Ten Steps to GIPS® Compliance
Is your firm considering GIPS Compliance?
Cascade Compliance can help asset managers achieve and maintain independently verified GIPS compliance. Compliance with the GIPS standards is a firm-wide process, often required by consultants and institutional investors. Third-party verification brings additional credibility to that process and supports the overall guiding principles of full disclosure and fair representation.
Cascade Compliance was established with a 100% dedication to consultation and verification services for the investment industry. With that focus comes thought leadership and a commitment to keeping clients informed about operational and compliance developments and upcoming changes from the CFA Institute.
Here are 10 helpful tips for becoming GIPS compliant:
Step 1 – Gain Management Support: Management must commit time and resources to bring the firm into compliance. Create a GIPS committee that includes leaders from different departments at the firm.
Step 2 – Know the Standards: There is no way you’re going to get your whole firm to read the 400+ page GIPS Handbook or sit through a day-long work shop. If you’re the point person, read the standards in manageable sections and train the GIPS committee as you go. Start with the requirements; attend a workshop; work with someone whose been down the path before; get familiar with resources on the GIPS website.
Step 3 – Define the Firm: The definition should accurately reflect how your firm is held out to the public and will determine the firm-wide assets under management reported in GIPS Reports. Read the Guidance Statement on Definition of the Firm – only 3-1/2 pages and full of critical fundamental information.
Step 4 – Define Investment Discretion: The standards use the term “discretion” differently than the term is used by regulators. Defining investment discretion is an important step in determining whether accounts must be included in a composite.
Step 5 – List all Accounts Under Management: Identify all accounts under management within the defined firm as of the most recent period-end and at a date at least five years prior, or since firm inception if less than five years. This should include all discretionary and non-discretionary managed accounts, including terminated ones. Advisory-only accounts with no accompanying trading component are not included in the firm’s managed assets.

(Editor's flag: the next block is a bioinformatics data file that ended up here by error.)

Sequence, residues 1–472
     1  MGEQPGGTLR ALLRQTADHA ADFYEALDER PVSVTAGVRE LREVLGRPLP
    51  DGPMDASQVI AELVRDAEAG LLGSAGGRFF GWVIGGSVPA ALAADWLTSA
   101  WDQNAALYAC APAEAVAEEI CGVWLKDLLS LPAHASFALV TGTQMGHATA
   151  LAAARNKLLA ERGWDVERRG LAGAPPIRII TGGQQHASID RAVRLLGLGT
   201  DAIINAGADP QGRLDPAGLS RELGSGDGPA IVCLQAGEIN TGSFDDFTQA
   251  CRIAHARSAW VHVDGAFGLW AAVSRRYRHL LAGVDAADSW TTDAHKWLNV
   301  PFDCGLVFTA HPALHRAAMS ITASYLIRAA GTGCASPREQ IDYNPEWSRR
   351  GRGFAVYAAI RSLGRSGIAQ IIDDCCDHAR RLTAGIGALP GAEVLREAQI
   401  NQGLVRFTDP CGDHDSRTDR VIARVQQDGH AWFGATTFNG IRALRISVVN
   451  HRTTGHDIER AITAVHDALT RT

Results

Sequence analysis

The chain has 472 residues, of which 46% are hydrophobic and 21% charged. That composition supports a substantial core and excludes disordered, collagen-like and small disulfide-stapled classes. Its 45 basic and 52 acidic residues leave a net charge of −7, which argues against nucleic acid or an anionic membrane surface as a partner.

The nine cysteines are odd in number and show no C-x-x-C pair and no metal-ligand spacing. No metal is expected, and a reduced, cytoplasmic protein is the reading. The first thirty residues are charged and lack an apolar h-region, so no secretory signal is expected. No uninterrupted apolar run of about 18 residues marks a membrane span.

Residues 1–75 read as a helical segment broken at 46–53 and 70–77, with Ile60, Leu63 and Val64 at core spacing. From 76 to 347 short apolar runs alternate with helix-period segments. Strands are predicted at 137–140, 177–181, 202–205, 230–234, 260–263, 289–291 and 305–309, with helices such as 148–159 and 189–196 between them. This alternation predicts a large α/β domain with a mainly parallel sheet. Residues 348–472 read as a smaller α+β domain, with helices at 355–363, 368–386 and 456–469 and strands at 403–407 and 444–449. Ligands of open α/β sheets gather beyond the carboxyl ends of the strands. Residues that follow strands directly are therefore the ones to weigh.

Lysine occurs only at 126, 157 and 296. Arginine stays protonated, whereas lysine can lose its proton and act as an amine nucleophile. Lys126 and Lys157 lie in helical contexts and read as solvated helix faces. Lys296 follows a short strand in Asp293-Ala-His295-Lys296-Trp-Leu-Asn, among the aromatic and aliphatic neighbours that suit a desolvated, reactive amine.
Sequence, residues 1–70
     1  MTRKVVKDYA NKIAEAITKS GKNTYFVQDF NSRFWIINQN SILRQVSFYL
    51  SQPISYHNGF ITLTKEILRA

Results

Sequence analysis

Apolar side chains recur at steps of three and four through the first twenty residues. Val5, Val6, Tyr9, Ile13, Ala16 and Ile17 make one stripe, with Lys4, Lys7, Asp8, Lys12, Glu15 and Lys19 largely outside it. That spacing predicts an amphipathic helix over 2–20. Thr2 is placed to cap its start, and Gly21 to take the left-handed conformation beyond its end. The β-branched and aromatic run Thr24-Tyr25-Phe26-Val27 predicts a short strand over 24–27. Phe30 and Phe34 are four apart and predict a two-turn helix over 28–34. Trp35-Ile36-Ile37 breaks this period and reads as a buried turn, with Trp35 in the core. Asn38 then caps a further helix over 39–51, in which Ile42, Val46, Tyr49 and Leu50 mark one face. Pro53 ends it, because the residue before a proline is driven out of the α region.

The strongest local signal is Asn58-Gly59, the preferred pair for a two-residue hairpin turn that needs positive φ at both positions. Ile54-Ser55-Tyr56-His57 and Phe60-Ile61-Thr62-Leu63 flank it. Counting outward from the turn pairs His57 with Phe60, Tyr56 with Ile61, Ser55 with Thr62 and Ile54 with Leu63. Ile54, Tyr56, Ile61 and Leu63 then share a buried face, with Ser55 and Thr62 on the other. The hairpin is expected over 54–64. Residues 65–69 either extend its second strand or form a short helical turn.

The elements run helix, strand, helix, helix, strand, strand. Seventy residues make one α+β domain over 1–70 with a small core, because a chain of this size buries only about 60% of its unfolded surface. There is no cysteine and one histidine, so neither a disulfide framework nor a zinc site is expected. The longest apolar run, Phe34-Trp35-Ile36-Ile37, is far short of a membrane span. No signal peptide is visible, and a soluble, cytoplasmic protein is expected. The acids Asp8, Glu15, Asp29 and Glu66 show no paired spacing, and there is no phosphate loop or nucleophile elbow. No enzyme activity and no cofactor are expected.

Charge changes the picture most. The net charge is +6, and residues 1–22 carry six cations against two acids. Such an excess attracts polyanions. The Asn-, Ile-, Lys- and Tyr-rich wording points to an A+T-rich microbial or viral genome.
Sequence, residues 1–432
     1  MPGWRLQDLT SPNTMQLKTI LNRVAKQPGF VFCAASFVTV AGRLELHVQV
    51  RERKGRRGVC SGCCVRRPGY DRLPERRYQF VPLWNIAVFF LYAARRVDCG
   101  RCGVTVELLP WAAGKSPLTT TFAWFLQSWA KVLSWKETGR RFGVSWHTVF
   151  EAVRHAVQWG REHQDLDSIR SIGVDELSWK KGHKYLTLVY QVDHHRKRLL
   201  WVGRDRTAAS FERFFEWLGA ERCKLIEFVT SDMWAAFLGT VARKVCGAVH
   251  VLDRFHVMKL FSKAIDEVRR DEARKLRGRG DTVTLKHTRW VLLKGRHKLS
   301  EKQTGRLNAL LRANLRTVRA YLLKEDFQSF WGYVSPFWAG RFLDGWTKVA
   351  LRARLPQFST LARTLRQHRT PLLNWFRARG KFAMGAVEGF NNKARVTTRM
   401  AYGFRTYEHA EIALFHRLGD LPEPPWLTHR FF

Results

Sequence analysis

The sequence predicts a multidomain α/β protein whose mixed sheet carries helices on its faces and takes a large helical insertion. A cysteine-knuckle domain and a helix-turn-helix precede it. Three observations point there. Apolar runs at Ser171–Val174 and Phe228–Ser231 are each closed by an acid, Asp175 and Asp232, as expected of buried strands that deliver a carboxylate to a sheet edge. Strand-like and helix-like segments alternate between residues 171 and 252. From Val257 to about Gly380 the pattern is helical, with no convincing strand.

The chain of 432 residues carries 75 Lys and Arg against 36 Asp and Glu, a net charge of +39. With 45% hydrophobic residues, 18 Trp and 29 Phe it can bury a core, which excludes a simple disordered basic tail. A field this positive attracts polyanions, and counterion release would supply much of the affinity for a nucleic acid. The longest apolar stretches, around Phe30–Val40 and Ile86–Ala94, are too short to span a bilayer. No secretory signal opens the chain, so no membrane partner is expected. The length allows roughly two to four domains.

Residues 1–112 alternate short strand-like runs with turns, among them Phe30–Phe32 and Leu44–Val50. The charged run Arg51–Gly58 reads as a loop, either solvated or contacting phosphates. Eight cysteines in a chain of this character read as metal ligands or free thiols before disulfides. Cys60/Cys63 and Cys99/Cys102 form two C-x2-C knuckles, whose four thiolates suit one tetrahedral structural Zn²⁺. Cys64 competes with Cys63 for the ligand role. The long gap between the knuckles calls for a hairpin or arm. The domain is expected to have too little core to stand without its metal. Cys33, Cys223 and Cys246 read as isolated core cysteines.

Step 6 – Assess Books and Records: Determine if your firm has the appropriate books and records to support historical discretionary account performance. To claim compliance, a firm needs a minimum five years of compliant performance. Are terminated accounts still accessible in your portfolio accounting system?
Step 7 – Draft Composites: Separate the firm’s accounts into groups based on discretionary status, investment strategy or mandate, or other criteria. Read the Guidance Statement on Composite Definition – 7-1/2 pages of pure gold. This will be the basis for creating your composites. Pooled funds don’t have to be included in a composite unless they are managed in the same strategy as segregated accounts. Then, list and define the composites that will be constructed and establish processes for composite management. Also, list and define any limited distribution pooled funds the firm manages.
Step 8 – Document Policies and Procedures: Document decisions made in Steps 3, 4 and 7 in your firm’s policies and procedures for establishing and maintaining compliance with the GIPS standards. Read the U.S. IPC whitepaper on Best Practices for Creating and Maintaining Policies and Procedures. It’s the longest of the three must-read documents referenced in this article, but it’s worth it – you’re far enough along in the process that you’ll have context, if not first-hand experience, with the guidance offered in establishing meaningful policies and procedures.
Step 9 – Calculate Performance: Calculate composite performance and required annual statistics in accordance with required/recommended calculation methodologies for each of your firm’s composites and pooled funds. Your portfolio accounting system can do the heavy lifting, but you will need to ensure that you’re selecting compliant options: i.e. be sure to calculate performance that accrues for interest income. These decisions will be added to your policy and procedure document.
Step 10 – Compile Performance Presentations: Develop compliant presentations for each of the firm’s composites and limited distribution pooled funds. How your firm maintains these presentations going forward, how you ensure they are provided to prospective clients, and how you check and correct for errors in these presentations will also be added to your policy and procedure document.
Questions about GIPS?
Read our blog post on The Benefits of GIPS Compliance
Contact us at Exchange@cascadecompliance.com
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